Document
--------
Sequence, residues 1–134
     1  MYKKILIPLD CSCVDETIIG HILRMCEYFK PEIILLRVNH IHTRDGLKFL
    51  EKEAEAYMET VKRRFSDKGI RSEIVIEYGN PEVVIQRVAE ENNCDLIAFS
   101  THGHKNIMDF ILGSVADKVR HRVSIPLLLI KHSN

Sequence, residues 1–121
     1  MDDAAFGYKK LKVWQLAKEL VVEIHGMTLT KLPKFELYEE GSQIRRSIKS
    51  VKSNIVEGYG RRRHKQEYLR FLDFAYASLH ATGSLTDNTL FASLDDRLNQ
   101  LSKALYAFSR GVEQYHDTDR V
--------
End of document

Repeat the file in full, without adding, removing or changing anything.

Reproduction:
Sequence, residues 1–134
     1  MYKKILIPLD CSCVDETIIG HILRMCEYFK PEIILLRVNH IHTRDGLKFL
    51  EKEAEAYMET VKRRFSDKGI RSEIVIEYGN PEVVIQRVAE ENNCDLIAFS
   101  THGHKNIMDF ILGSVADKVR HRVSIPLLLI KHSN

Sequence, residues 1–121
     1  MDDAAFGYKK LKVWQLAKEL VVEIHGMTLT KLPKFELYEE GSQIRRSIKS
    51  VKSNIVEGYG RRRHKQEYLR FLDFAYASLH ATGSLTDNTL FASLDDRLNQ
   101  LSKALYAFSR GVEQYHDTDR V